Boko Haram, Jonathan And The Northern Elders


By Femi Fani-Kayode

“I am going to marry out any woman who is twelve years old, and if she is younger, I will marry her out at the age of nine. You are all in danger. I am the one who captured all those girls and will sell all of them. Slavery is allowed in my religion, and I shall capture people and make them slaves. We are on our way to Abuja and we shall also visit the South. I am going to kill all the Imams and other Islamic clerics in Nigeria because they are not Muslims since they follow democracy and constitution. It is Allah that instructed us, until we soak the ground of Nigeria with Christian blood, and so-called Muslims contradicting Islam. We will kill and wonder what to do with their smelling corpses. This is a war against Christians and democracy and their constitution’’.

It is self-evident that Mr. Shekau is not only a dangerous, barbaric, sadistic, delusional, homicidal, misogynistic, paedophilic, psycopathic and sociopathic cold-blooded murderer all rolled into one but his words adequately reflect the sheer ruthlessness, callousness and depravity that has seized the Haramite mind.

There is no doubt in my mind that he is possesed by the most cruel and vampiric demons and that he has a bloodlust that is second to none. Even Al Qaeda, with all it’s wickedness, have apparently condemned the latest atrocity committed by Boko Haram in Chibok.

Instead of joining the rest of the civilised world and insisting that the terrorists must be utterly crushed, a group known as the Northern Elders have said that the Federal Government ”should pay billions as ransom to Shekau and release all detained Boko Haram members” and that there must be ”no foreign forces in Nigeria”. They have also demanded that ”force should not be used” in securing the freedom of the abducted girls.

These demands repugnant. It is the same people that did not want troops to be deployed to the area in the first place.

It is the same people that did not want a state of emergency to be declared in the north. It is the same people that have been urging the government to negotiate with Boko Haram for the last three years.

It is the same people that have consistently asked that Boko Haram should be treated with kid gloves and that they should be offered amnesty even though the islamist group have slaughtered no less than 10,000 innocent people in the last three years.

It is one of these northern elders that referred to Boko Haram as ”freedom fighters” who are simply ‘’fighting for justice’’ only last year. It is another that said that members of Boko Haram ought to be treated ”in the same way as the Niger Delta militants” and that they should be rehabilitated, resettled and paid large sums of money only last year.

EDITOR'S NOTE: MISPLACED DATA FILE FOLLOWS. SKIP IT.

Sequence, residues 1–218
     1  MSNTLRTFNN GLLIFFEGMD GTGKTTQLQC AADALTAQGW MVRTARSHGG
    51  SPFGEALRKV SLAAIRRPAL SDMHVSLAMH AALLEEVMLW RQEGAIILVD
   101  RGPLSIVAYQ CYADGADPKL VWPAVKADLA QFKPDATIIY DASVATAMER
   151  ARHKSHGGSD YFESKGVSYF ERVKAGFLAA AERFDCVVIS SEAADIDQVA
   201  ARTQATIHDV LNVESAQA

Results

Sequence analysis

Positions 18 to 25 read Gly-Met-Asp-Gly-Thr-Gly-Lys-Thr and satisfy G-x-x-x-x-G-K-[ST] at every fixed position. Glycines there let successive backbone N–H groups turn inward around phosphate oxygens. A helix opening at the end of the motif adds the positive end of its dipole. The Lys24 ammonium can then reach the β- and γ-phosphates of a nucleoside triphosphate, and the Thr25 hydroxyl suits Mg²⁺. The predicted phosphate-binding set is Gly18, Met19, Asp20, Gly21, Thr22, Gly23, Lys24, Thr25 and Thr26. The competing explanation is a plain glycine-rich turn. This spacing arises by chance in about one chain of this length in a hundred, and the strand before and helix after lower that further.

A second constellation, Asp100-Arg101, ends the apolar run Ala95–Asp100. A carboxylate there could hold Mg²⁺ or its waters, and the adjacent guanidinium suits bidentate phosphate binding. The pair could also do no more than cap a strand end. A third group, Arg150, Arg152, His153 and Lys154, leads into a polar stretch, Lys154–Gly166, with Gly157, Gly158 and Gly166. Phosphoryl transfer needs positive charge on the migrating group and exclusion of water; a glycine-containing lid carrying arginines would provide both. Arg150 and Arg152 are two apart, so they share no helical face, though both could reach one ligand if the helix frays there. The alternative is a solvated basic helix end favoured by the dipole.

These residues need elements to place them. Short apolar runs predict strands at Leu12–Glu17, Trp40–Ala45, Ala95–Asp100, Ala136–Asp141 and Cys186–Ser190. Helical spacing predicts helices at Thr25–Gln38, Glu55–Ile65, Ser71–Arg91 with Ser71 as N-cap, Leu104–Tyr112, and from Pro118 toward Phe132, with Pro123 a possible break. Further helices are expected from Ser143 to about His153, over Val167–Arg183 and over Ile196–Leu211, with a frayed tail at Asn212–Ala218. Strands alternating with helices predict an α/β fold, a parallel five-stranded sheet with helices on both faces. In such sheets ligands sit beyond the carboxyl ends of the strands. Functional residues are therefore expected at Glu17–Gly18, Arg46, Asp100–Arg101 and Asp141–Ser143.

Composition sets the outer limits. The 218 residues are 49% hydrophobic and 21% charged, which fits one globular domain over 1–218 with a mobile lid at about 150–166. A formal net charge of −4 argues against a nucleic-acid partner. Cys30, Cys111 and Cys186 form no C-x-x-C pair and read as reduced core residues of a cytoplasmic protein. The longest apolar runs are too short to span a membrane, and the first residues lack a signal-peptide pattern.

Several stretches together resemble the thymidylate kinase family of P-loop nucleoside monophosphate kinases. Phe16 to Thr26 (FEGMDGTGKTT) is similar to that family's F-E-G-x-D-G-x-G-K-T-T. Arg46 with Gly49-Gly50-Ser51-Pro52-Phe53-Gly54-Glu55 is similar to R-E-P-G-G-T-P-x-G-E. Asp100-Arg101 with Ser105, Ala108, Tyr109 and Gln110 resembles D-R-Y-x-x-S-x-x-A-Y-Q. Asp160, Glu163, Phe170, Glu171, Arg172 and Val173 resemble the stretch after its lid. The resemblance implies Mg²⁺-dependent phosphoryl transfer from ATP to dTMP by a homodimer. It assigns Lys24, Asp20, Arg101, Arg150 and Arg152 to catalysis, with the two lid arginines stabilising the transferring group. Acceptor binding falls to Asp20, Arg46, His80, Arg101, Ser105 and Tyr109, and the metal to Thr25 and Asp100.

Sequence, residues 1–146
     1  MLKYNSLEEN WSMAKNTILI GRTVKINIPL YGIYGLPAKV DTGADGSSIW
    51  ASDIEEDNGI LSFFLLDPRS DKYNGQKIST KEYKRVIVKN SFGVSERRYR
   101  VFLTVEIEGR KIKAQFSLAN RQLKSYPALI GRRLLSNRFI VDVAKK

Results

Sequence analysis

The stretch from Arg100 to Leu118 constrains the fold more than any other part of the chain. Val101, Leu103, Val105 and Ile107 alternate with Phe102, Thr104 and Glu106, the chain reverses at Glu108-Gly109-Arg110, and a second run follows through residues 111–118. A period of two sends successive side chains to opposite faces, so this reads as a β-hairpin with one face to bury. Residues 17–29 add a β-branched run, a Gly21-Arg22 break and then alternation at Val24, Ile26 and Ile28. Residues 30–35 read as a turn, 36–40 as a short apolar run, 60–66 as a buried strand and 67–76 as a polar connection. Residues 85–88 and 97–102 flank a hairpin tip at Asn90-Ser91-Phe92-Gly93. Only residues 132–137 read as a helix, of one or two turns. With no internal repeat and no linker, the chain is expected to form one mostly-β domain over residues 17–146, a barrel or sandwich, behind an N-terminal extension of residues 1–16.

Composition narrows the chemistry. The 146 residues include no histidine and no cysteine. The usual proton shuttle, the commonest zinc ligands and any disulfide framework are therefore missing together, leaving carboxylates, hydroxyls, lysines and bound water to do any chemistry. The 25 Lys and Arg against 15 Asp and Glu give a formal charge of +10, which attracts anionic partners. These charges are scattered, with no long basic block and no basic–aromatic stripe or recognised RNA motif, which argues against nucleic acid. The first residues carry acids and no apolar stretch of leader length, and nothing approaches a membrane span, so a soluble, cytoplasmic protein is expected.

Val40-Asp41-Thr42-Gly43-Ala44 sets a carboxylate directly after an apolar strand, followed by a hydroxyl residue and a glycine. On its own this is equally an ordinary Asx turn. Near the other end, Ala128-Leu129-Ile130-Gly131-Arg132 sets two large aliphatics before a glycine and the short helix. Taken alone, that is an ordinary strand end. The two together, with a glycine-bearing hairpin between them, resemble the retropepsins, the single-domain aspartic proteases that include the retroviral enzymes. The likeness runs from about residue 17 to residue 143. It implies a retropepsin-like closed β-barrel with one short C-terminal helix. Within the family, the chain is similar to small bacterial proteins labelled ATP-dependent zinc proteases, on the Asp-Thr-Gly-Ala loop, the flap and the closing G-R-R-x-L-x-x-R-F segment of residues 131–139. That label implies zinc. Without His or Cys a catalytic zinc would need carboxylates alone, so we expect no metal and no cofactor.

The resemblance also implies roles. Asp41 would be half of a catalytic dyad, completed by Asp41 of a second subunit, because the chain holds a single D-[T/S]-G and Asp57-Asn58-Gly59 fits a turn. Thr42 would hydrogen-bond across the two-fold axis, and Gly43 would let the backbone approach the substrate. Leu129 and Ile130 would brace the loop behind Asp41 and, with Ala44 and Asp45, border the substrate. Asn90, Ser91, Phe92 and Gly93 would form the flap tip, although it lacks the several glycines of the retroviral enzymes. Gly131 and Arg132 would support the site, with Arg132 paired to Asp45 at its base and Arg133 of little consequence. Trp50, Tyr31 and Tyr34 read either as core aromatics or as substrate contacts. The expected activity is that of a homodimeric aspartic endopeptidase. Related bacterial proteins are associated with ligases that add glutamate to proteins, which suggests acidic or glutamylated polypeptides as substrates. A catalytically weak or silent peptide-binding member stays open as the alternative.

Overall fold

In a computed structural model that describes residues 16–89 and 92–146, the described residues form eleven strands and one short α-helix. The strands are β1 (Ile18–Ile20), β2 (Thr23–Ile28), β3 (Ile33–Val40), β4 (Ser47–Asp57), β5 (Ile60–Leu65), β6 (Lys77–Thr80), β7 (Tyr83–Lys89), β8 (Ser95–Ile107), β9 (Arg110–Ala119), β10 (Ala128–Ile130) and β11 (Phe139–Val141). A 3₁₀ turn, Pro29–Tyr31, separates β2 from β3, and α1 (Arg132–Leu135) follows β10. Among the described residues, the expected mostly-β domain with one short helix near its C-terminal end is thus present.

It is another that said that ‘’muslims should only vote for those that would protect their interests’’ and that he would see to it that ‘’sharia law is implemented and applied throughout the whole country’’ in 2001.

It is another that said that Nigeria was created by the British and granted independence by them in 1960 on the clear understanding that ”a northern muslim would always lead the country’’ in 1994. It is another that said that if the north does not have it’s way on the voting formula at the Constitutional Conference he would lead his people ”out of Nigeria and into the Camerouns’’ just over a month ago. It is another that said that they would make our country ‘’ungovernable’’ if a southerner was elected into power in 2011.

It is another that said, only a few weeks ago, that our country ‘’would burn’’ if Jonathan or any other southerner contests for the Presidential election in 2015. It is another that told us last year that ”poverty was the root cause of Boko Haram” and that the south was receiving too much money whilst the north was not receiving enough. How much more of these provocative rationalisations, threats and rhetoric can we be expected to take?

Just three weeks after the Haramites have abducted almost 300 young school girls at Chibok, burnt down their school and kept them as sex slaves, just a few days after they abducted eight more at Warabe Village, Borno state, just two weeks after two bombs went off in Nyanya, Abuja killing a total of 150 people between them and just three days after no less than 350 innocent people were slaughtered by the terrorists in Gamborou Ngala, a border town with the Camerouns, these northern elders are saying that force must not be used against them. This is unacceptable and their suggestion must be treated with the contempt that it deserves.